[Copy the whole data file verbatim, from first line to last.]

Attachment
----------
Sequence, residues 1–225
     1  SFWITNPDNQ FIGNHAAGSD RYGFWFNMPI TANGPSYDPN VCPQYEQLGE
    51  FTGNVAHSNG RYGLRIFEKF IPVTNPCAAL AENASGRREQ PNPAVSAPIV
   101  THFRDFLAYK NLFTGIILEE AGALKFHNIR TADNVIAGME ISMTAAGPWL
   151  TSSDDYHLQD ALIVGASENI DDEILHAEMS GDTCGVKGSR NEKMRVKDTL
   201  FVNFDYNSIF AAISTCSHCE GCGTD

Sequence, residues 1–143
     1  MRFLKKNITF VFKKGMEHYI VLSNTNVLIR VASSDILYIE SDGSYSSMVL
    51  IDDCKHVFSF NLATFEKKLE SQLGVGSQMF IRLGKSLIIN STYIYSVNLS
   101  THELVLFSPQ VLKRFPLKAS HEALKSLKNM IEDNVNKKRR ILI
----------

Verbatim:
Sequence, residues 1–225
     1  SFWITNPDNQ FIGNHAAGSD RYGFWFNMPI TANGPSYDPN VCPQYEQLGE
    51  FTGNVAHSNG RYGLRIFEKF IPVTNPCAAL AENASGRREQ PNPAVSAPIV
   101  THFRDFLAYK NLFTGIILEE AGALKFHNIR TADNVIAGME ISMTAAGPWL
   151  TSSDDYHLQD ALIVGASENI DDEILHAEMS GDTCGVKGSR NEKMRVKDTL
   201  FVNFDYNSIF AAISTCSHCE GCGTD

Sequence, residues 1–143
     1  MRFLKKNITF VFKKGMEHYI VLSNTNVLIR VASSDILYIE SDGSYSSMVL
    51  IDDCKHVFSF NLATFEKKLE SQLGVGSQMF IRLGKSLIIN STYIYSVNLS
   101  THELVLFSPQ VLKRFPLKAS HEALKSLKNM IEDNVNKKRR ILI